Voter turnout was abysmal during the May primaries despite important races for governor and both the Congressional First District and one of Georgia's two seats in the Senate. Statewide, less than 20 percent of registered voters participated. In Bryan County, that number was even lower – only 15.4 percent of the county's 18,400 registered voters bothered to exercise their right to help elect their leaders.
Before the start of the 1996 Centennial Olympic Games, Billy Payne, the organization's CEO, reminded everyone that while much of the attention during the Games would be focused on the high-profile athletes, not to forget that all 10,000 athletes from the 107 countries represented were and would forever be Olympians - a title very few people in the world would ever attain.
It was only last year - about six months ago, in fact - that we faced sequestration and the budget crisis that affected the federal government. Our civilian workforce on Fort Stewart actually returned to work Oct. 7, 2013, even with the shutdown still at a stalemate in Washington, D.C.
You are an avid (insert sport here). You have invested countless hours into it, and you plan to take it to another level. You believe your sport is evolving, and you participate in local events where you can test your ability.
The state of Georgia will be using new standardized tests in its public schools next year, and some students might not make the grade -- literally.
Before the start of the 1996 Centennial Olympic Games, Billy Payne, the organization's CEO, reminded everyone that while much of the attention during the Games would be focused on the high-profile athletes, not to forget that all 10,000 athletes from the 107 countries represented were and forever would be Olympians - a title few people in the world would ever attain.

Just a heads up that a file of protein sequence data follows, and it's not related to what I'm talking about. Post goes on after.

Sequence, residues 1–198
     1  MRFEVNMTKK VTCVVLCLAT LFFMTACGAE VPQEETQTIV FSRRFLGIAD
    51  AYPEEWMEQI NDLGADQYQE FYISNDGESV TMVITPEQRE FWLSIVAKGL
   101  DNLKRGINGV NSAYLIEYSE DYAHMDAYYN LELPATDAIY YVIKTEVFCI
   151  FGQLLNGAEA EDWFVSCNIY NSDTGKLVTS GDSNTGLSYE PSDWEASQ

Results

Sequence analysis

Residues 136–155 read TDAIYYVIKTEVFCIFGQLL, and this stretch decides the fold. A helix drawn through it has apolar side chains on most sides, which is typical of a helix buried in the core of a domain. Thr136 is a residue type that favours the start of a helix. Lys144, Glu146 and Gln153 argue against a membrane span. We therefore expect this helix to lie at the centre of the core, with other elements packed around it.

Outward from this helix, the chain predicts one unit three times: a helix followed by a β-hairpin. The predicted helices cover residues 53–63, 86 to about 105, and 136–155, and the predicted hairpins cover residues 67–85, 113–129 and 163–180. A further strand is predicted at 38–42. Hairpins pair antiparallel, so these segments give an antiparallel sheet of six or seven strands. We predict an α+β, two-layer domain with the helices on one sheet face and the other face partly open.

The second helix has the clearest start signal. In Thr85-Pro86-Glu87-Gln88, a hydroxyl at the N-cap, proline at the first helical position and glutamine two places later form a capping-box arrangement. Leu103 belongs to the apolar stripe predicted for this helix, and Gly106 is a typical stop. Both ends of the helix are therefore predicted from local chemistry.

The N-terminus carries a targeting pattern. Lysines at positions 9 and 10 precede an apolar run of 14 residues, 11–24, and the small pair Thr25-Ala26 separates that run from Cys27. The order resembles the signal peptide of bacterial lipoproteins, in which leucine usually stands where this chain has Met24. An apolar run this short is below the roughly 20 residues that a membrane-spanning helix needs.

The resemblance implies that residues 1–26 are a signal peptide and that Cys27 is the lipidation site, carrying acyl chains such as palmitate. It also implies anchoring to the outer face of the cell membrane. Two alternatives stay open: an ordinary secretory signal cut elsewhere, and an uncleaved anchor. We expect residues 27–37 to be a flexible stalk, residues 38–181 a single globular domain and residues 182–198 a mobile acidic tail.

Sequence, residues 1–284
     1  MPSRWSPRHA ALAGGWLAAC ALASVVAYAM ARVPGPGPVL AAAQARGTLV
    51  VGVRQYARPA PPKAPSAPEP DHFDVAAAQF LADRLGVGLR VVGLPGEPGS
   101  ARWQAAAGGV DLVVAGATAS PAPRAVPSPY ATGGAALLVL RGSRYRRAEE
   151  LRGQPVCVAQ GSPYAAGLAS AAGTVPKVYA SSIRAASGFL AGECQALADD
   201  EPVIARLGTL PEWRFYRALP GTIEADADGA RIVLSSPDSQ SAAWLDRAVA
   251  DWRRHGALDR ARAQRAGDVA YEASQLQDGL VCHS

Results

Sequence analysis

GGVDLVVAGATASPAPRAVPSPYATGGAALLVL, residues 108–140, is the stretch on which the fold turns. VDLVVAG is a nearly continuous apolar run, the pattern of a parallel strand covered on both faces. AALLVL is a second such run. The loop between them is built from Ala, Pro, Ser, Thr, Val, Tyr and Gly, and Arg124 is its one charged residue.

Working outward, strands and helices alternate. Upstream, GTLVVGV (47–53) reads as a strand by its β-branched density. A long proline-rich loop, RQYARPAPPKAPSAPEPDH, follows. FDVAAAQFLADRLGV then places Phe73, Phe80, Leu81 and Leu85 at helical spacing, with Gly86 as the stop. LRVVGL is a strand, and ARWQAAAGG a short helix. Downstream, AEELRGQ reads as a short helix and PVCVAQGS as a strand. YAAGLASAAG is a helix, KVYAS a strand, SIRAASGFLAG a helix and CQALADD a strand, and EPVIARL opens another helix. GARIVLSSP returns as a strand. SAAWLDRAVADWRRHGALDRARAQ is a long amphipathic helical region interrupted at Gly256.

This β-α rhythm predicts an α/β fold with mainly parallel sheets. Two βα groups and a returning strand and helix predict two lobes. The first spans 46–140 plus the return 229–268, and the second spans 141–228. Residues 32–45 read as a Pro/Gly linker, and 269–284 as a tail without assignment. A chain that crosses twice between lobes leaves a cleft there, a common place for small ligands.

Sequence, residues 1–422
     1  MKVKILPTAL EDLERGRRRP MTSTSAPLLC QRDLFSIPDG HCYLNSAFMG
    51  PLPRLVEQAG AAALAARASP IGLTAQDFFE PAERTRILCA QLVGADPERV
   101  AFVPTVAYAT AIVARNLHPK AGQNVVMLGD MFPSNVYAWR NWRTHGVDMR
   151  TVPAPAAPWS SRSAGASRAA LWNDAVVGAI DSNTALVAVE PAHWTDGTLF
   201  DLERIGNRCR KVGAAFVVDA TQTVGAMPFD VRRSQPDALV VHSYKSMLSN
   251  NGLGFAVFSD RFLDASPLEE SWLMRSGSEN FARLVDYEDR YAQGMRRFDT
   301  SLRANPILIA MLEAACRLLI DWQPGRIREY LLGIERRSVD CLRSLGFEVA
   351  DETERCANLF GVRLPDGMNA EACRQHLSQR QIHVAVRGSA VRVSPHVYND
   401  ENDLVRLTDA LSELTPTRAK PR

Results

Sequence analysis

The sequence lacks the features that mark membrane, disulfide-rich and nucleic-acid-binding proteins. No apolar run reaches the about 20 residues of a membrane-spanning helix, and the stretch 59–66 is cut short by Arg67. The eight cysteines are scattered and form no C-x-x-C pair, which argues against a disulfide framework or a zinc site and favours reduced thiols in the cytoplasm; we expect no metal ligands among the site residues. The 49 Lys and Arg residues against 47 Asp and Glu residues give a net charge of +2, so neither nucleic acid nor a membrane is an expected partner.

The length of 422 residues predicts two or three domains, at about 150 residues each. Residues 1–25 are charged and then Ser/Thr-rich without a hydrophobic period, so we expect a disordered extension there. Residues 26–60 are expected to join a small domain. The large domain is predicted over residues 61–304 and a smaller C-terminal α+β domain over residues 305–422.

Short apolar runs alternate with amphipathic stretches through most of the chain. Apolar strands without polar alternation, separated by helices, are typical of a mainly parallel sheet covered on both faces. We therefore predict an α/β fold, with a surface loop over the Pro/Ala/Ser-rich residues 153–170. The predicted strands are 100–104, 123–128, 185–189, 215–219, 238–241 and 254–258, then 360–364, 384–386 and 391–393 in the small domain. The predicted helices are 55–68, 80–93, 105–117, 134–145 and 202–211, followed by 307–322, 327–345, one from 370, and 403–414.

In the land of my birth, the British often ask visitors if they "fancy a cuppa."
MOULTRIE - I'm for real. I can prove it. I finally have a genuine birth certificate.
In the tiny country church where I spent most of the first 22 years of my life - where I found the Lord at the age of 11; where, without fail, I had the lead role in every Christmas pageant; and where my daddy laid down the law in more ways than one - we sang hymns from a brown songbook and a green one that were filled with the haunting melodies that have penetrated the Appalachians for many decades.
There are good things and bad to be said about finally having a school-aged child. Although my husband and I still have a few more years to go before our 2-year-old daughter, Reese, starts elementary school, we often think and talk about how much easier it'll make life for our family.
I've been receiving a bunch of credit card applications in the mail lately. Apparently I'm just not spending enough money on things like my house mortgage, power bills, food, gas, car expenses, medical bills, entertainment (not sure when we have time for that), extra-curricular activities for the kids, and tuition and living expenses for Kaitlyn to go to college.
Jimmy Hires has always been a great basketball coach whose numbers put him in elite company. Everybody here knows that.
Much has been said in response to recent news from Washington about a bill supposedly giving the go-ahead on Savannah's harbor deepening project. Misleading statements about the project, both before this news and afterwards, need to be clarified and corrected.
I wrote recently about the concerns of environmental groups regarding a proposal by the owners of Sea Island to develop 7.2 acres on the south end of the island. They say that the land is too fragile for the proposed development.
Editor, The following is an open letter on sequestration to Senate Majority Leader Harry Reid, D-Nevada, from retired U.S. Army Gen. Gordon R. Sullivan, head of the Association of the United States Army:
Remember the story of "The Little Engine That Could"? That could well describe the city of Dalton, a town of some 34,000 nestled in the corner of northwest Georgia, not far from the Tennessee line.